Rounding out this gallery of four Youngkin-Wheeler polluter allies are a longtime coal lobbyist and another regulated industry representative. Once those last two are seated, Youngkin will have the majority 4-3 vote he needs on the seven-member Air Board to move his marquee climate attack to its next pointlessly destructive phase. 

Youngkin's climate denier playbook 

Youngkin has a very transparent two-part plan of attack to try to roll back Virginia’s recent progress on combatting sea-level rise and investing in energy efficiency.  

Step 1: Stack the Air Board

As of July 1, Youngkin will have stacked four of the seven seats on the Air Board with pro-polluter interests (a feat itself made possible by the VA House of Delegates’ unprecedentedly hyperpartisan refusal to confirm two much more legitimate public servants to the Air Board that were appointed by the previous governor, Ralph Northam).  

Step 2: Attack RGGI

In July, Youngkin will present a sham “emergency” regulation to the newly-stacked Air Board that attempts to strike the lawful RGGI regulation from the books, under the flimsy (and false) claim that RGGI’s price on power plant carbon pollution and its popular investments comprise an unbearable burden on ratepayers. This straw man argument conveniently overlooks RGGI’s fundamental and already-proven function: lowering Virginians’ skyrocketing energy bills by making our homes more energy efficient, coupled with investments in protecting coastal real estate from the sky-high costs of sea level rise damage. Youngkin’s laughable claim of an “emergency” also overlooks that these investments are dwarfed by the state’s electric utilities’ ongoing boondoggle of various pollution costs, like the nearly $5/month charge per household to pay for an unused coal plant, or the proposed $25/month charge per household to pay for expensive fossil fuel use that also pollutes our air (more on the raft of excessive utility bill “riders” we all pay, here).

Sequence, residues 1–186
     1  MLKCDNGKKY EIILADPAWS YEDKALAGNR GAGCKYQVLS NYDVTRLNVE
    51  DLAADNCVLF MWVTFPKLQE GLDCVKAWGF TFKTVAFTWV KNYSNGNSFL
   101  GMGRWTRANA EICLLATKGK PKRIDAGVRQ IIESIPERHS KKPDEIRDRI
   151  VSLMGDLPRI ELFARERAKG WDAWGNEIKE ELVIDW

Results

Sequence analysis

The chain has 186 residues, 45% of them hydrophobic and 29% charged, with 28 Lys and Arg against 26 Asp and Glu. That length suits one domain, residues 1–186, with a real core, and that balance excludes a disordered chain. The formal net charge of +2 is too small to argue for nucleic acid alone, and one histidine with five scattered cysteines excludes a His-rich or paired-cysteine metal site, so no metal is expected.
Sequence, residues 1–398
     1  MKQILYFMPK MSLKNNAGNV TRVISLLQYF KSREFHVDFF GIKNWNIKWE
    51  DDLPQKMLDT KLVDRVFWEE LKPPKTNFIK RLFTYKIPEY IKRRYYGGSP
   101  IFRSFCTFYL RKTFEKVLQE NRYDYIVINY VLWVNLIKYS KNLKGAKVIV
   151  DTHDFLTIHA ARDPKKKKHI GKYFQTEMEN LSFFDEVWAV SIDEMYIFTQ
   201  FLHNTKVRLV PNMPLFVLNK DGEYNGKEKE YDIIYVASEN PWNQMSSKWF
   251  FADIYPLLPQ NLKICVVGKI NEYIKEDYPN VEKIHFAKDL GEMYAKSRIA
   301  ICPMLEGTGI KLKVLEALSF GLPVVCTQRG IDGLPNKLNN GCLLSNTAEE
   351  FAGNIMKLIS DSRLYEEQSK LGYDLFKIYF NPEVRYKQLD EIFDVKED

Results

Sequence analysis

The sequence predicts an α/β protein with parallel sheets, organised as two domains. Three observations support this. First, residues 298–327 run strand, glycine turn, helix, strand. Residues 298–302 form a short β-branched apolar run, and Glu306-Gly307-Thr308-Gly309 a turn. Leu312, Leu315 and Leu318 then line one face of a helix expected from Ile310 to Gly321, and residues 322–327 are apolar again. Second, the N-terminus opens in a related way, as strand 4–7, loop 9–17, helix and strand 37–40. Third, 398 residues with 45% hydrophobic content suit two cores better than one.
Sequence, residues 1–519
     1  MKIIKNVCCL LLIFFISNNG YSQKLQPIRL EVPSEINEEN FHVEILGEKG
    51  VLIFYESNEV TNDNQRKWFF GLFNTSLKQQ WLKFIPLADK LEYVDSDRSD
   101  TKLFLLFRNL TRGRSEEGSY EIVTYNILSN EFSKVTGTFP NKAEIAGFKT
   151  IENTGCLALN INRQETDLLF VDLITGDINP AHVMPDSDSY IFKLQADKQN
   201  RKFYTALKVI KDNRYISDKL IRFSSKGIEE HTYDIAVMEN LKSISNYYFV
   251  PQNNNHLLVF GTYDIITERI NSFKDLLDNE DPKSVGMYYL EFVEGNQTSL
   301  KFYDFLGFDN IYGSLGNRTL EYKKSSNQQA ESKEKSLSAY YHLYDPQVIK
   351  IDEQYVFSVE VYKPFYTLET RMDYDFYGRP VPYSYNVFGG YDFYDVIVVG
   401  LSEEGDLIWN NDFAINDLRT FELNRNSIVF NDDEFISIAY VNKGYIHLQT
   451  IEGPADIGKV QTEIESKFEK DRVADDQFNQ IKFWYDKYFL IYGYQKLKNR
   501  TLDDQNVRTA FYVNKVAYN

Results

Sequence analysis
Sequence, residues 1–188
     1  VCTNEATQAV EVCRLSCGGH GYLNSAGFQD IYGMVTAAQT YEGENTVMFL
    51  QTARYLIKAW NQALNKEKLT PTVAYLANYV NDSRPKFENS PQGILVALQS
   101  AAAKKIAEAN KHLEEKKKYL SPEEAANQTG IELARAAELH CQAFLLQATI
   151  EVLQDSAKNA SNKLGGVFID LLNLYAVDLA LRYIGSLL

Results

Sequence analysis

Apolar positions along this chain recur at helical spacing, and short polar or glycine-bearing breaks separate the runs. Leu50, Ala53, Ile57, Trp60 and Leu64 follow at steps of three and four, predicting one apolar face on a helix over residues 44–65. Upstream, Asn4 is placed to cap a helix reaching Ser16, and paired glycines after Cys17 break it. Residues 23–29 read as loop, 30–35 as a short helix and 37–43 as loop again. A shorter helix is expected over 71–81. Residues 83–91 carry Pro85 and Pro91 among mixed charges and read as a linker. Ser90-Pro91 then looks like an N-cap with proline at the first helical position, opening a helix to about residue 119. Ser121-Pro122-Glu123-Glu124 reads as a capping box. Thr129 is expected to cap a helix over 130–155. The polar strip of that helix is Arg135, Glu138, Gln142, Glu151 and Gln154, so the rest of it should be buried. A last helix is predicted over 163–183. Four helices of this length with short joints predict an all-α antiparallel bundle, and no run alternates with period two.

This Youngkin two-step, like senior advisor Wheeler’s dismal "win" record at the U.S. Environmental Protection Agency, will meet a similarly grisly fate: judges do not look favorably upon unconstitutionally taking an ax to statute, under a thinly-veiled guise of declaring a false “emergency."

It’s difficult to discern whether Youngkin even has an endgame in carrying his climate-denier torch. His destructiveness is particularly perplexing, given that RGGI is in fact designed to meet Youngkin’s stated goal of lowering costs of living for Virginians, be it our high electric rates, or the real estate value loss of unmitigated sea level rise. 

Regardless of motive, it is now clear that Youngkin has wholly outsourced his leadership capacity to his shadow-secretary Wheeler, with both of them working at the same shovel, to dig their climate denial hole as deep as it can go.